Gov. Sam Brownback will be hoping the third time is indeed the proverbial charm when he takes to the south-central Kansas turkey woods Friday morning.
Brownback will be participating in this year’s Governor’s Turkey Hunt in El Dorado. This will be his third trip to the hunt, and he’s yet to shoot a turkey.
“This is the year, I just know it’s the year,” said Brownback. “I’m going to get a turkey, if I have to get in a race car and run one down.”
While they can’t control the weather or make old gobblers come to turkey calls, hunt organizers think all should go smoothly for the 27th annual event.
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“The volunteers and committees have just been exceptional, as usual,” said Janet Post, hunt director. “Everybody has a job, knows how to do their job, and they’re not afraid to do their job well. A lot of our volunteers have been helping in the 10- to 15-year range. We have (some) that have helped about every year since it began. We have some special people.”
Mike Hayden, who started the event when he was governor in 1987, is pleased with what the hunt has developed into.
“One reason I started it was to celebrate (the conservation story of) the wild turkey. Another reason was to celebrate our hunting heritage,” Hayden recently said. “Another big reason was to promote the state of Kansas. I think it’s exceeded everybody’s expectations except mine. I knew it could be big, but I know it can be even bigger.”
The first hunt featured about 20 invited hunters from Kansas and other states. Some of the first social gatherings were held in a garage, some of the guides had never hunted wild turkeys, and most of the hunting was within a few miles of El Dorado.
Post said 80 hunters are expected at this year’s event, and they’ll be taken afield by some of Kansas’ top turkey hunters as guides. They’ve been granted permission by about 200 landowners to hunt some of the best turkey habitat in the eastern half of Kansas.
Most hunters arrive Thursday afternoon, enjoy a few social events and meet their guides that evening. Hunting begins with some very early mornings on Friday and Saturday. Friday evening, hunters and guides share a dinner for landowners and other sponsors.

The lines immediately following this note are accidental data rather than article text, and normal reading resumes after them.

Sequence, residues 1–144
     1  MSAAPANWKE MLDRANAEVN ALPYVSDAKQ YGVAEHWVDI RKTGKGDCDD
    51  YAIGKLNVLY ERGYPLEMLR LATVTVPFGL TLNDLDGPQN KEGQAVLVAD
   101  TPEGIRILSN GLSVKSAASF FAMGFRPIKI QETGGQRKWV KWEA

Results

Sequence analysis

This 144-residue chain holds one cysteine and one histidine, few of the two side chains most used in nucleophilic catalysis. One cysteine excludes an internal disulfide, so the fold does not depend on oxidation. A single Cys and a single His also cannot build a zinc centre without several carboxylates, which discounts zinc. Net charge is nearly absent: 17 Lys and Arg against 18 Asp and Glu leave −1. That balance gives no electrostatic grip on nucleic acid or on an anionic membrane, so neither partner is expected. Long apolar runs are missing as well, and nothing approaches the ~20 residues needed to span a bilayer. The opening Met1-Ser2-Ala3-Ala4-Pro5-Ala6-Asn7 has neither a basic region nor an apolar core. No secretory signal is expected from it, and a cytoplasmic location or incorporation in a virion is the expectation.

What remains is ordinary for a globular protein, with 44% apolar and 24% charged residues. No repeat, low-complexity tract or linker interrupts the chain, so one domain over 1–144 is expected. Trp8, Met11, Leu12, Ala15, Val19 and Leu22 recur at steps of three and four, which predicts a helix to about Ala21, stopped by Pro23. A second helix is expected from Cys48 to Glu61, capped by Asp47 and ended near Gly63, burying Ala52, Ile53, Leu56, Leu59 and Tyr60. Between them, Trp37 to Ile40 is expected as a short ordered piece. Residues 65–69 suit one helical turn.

At 6 p.m. Saturday the hunt ends with the One Shot Banquet at the Butler County Community College Hubbard Welcome Center. (Tickets for the $10 beef tenderloin dinner must be reserved at 316-321-3835.)
The public also is welcome to visit with hunters and watch the weighing of taken turkeys from 7 a.m. to 5 p.m. Thursday and Friday at El Dorado’s Community Center, 206 N. Griffith.
Post said about 500 volunteers are donating time or items for this hunt.
The invitation-only hunt draws people from across the country. Through the years hunters have included professional athletes, politicians, actors, country recording artists, successful business people and leaders of national wildlife groups.
Invited children and veterans always play an important role as hosted hunters.
Since 1992, assorted fundraisers at the hunt have raised about $450,000 in scholarships, Post said. Named after famed Kansas wildlife artist Wayne Willis, the money has been given to about 90 Kansas students pursuing a natural resources major.
One hunter donated $500,000 to assist handicapped people in the El Dorado area. Sizable donations also have been made to a variety of local causes.
About $18,000 was raised to help with college costs for the children of Steve Harper, a Wichita Eagle outdoors writer, after his death in 2000.
Many years youth in attendance have received lifetime hunting licenses and a variety of hunting equipment.
Last year some invited hunters agreed to pay the return costs for two wounded veterans they met at the event.
This week much of the talk and attention will be focused on Brownback hoping to get his first turkey.
He’s been paired with guide Danny Armstrong, of Rose Hill, who has a 100 percent success rate with visiting hunters for more than 12 years. Armstrong’s been scouting his hunting spots daily for several weeks.
Kansas’ five previous governors, including Hayden, Joan Finney, Bill Graves, Kathleen Sebelius and Mark Parkinson, shot birds at the event during their terms. Finney and Sebelius needed repeated trips to shoot their first birds, and usually hunted both days of the event.
Each of his first two years, Brownback has hunted only one day.
His first hunt, in 2011, was a literal washout when heavy winds and downpours soaked Brownback and he got just a distant look at one waterlogged tom late in the day.
Last year he had several yearling tom turkeys, known as jakes, strut within easy range. Other hunters and guides had told him that shooting one of the gullible young birds would be like “taking your sister to prom.”
Looking back, he wishes he’d shot one of the small toms.
“I ended up not even getting to go to prom,” Brownback said of not seeing another tom on last year’s hunt. “I’m going to get one this year. I know it. I will get a turkey.”